Do You Trust Your Dashboard Or Have Been Unaware Like Rap Genius?

The importance of cloud has increased over the years and a lot of workload is shifted to it to make the most out of the available business resources. Cloud is rising high and getting bigger day by day but a serious concern of customers’ is its authenticity. It’s like doubting your own dashboard about the services it provides. This trust deficit on the customer’s part may damage the increasing popularity of cloud computing.

In a situation like this, Heroku’s Rap Genius dispute is important. Rap Genius about two years ago, observed performance issues with its Ruby applications running on Heroku platform. Even with high traffic on the network, the performance still lacked. Though Heroku’s log files and dashboard didn’t show the mess, Rap Genius faced unsatisfactory service queries from its clients.

It seems Heroku fiddled the readings of the site’s router raising a problem in ideal job execution and instead of “intelligent load distribution”, it was shifted to “random load distribution”. The point to be concerned is that Heroku didn’t file those changes and revealed the problem to customers alone, without taking Rap Genius on-board. Heroku is a PaaS service provider purchased by Salesforce.com in 2010.

In a blog post by Rap-Genius officials posted on February 13, the company stated:

“A Rails dyno isn’t what it used to be. In mid-2010, Heroku quietly redesigned its routing system, and the change — nowhere documented, nowhere instrumented — radically degraded throughput on the platform. Dollar for dollar a dyno became worth a fraction of its former self.”

The Rap Genius blog post has highlighted the latest hacking news and possibly endorsed Heroku’s apology published by TechCrunch.

In a recent phone interview, Tom Lehman, Rap Genius co-initiator explained they had 90 dynos operating on $20,000 per month, which were considered adequate based on the data figures the company was receiving from Heroku. However, in actual, 90 dynos were not enough. After getting informed about the problem, Rap Genius increased to 300 dynos for $40,000 per month, but still the performance didn’t boost, and the company was unable to pay $40,000 per month.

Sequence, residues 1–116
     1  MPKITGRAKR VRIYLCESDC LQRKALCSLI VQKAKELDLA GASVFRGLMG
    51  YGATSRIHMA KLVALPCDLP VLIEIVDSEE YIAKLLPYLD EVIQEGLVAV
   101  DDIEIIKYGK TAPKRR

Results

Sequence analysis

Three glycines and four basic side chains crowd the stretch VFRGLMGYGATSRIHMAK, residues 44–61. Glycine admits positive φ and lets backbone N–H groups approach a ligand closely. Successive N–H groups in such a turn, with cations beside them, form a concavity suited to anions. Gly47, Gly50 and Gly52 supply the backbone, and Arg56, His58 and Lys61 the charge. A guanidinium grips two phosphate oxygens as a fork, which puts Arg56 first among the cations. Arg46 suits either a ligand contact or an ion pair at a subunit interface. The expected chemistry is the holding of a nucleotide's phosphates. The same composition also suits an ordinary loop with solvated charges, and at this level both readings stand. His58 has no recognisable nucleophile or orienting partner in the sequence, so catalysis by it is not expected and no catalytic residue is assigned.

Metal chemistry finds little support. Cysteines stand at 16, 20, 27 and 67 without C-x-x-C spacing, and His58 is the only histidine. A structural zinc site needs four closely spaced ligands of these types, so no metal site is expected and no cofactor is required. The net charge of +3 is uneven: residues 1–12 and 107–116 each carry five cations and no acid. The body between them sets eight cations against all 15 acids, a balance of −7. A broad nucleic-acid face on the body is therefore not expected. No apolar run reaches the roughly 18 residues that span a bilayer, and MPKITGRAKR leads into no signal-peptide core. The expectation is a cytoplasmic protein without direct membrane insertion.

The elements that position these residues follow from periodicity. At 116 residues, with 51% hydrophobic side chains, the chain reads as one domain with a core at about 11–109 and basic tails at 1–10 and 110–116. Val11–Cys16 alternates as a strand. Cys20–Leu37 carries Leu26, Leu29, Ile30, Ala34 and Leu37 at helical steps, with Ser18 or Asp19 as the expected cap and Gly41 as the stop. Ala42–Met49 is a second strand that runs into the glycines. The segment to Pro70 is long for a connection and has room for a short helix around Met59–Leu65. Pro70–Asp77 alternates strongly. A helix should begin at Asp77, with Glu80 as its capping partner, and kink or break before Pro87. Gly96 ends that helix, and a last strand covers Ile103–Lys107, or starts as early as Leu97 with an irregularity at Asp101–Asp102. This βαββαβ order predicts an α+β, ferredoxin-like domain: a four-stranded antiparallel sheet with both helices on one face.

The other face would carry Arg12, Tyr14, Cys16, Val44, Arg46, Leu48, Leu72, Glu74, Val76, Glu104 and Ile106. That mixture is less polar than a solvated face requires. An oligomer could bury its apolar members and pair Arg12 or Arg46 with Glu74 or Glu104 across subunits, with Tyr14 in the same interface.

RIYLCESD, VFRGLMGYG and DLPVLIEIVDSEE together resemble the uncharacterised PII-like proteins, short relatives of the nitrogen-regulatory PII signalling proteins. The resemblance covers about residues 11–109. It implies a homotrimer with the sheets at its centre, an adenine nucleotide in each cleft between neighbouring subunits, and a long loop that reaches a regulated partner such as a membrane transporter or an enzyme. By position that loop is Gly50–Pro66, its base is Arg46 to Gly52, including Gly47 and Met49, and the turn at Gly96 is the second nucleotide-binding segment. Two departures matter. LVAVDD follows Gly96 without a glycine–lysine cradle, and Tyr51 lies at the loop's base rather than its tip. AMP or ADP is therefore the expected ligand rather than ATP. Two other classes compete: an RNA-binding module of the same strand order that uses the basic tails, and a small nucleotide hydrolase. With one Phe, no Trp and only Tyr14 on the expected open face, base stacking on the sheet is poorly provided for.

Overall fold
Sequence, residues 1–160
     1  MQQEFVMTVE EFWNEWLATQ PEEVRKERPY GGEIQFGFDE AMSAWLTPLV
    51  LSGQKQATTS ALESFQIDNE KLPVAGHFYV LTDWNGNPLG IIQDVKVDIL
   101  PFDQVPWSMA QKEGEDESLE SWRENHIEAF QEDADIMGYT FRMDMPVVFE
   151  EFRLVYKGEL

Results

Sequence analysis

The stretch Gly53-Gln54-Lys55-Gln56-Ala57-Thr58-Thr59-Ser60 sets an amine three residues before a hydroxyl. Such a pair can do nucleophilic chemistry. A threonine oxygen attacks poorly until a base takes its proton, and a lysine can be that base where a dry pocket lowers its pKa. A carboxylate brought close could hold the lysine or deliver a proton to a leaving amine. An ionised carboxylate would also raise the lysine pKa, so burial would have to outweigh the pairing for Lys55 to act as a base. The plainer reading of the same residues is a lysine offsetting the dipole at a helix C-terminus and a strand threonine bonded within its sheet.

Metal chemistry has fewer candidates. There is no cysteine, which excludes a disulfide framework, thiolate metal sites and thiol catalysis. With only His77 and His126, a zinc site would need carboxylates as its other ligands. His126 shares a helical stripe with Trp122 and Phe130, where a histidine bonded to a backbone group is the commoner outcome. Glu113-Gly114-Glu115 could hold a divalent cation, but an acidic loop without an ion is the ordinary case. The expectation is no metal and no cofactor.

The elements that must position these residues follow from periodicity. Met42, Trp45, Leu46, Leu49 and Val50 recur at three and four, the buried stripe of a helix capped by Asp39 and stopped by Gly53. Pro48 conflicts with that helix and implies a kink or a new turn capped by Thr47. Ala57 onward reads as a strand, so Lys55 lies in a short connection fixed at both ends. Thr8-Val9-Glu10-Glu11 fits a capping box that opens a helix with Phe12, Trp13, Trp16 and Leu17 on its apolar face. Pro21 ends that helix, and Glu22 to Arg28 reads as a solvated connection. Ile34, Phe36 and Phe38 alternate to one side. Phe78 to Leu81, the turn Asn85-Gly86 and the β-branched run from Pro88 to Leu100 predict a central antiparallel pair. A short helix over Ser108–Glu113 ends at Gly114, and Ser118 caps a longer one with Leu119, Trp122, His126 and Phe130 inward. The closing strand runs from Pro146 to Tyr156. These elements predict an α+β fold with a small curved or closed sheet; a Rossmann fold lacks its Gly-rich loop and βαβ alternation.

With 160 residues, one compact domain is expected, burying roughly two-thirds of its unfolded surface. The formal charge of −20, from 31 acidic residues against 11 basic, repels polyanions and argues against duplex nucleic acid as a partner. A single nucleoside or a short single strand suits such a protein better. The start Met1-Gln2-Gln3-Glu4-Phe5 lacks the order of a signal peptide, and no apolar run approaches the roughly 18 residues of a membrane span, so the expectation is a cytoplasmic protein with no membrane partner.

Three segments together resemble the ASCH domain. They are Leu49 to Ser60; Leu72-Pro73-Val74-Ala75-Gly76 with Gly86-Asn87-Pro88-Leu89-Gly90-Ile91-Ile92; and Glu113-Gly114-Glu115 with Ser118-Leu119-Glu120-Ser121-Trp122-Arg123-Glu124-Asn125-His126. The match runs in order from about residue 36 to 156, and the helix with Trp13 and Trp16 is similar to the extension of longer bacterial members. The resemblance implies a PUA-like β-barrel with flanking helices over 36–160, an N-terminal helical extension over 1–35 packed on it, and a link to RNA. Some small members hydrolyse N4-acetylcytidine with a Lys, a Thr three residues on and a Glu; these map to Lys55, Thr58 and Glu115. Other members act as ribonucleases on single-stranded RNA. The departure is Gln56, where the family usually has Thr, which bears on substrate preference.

A detailed apology by Heroku was published on February 16, summarizing the action plan for Heroku that includes:

  • Enhancing the documentation standards so they depict the real situation of the services both for Bamboo and Cedar stacks.
  • Eliminating the erroneous and ambiguous metrics stated by Heroku or associate services like New Relic.
  • To help customers identify and verify the impact of queuing on application response time, upgrading the metrics.
  • To enhance Heroku’s latency and queuing metrics, offering added tools for the developers.
  • Working to improve assistance of simultaneous-request Rails apps on Cedar.

Lehman further added that if nothing changes, they’ll shift to a new platform as the company can’t bear $40,000 per month. The expected destination for Rap Genius is Amazon Web Services, but it won’t be easy because Heroku was doing more than AWS. Though most of the Rap-Genius third-party providers are on AWS, Lemans said, “I still have love for Heroku. Without it we couldn’t get to where we are today but they have not been 100 percent upfront with customers.”

The Heroku’s dishonesty has raised an important concern for all the companies that still believe the transition to cloud leads to loss of control over IT, What if they start thinking that metrics given to them by providers aren’t real, but fabricated?

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